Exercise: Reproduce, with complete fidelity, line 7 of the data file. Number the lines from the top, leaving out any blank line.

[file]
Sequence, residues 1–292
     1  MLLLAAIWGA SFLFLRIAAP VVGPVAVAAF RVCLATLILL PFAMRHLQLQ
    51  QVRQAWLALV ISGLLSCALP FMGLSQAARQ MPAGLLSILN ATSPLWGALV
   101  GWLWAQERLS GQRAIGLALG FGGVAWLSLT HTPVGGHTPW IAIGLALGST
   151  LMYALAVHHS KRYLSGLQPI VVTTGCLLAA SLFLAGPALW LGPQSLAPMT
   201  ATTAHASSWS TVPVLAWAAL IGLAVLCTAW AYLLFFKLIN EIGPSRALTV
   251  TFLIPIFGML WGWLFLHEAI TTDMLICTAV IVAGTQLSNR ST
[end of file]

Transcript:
   251  TFLIPIFGML WGWLFLHEAI TTDMLICTAV IVAGTQLSNR ST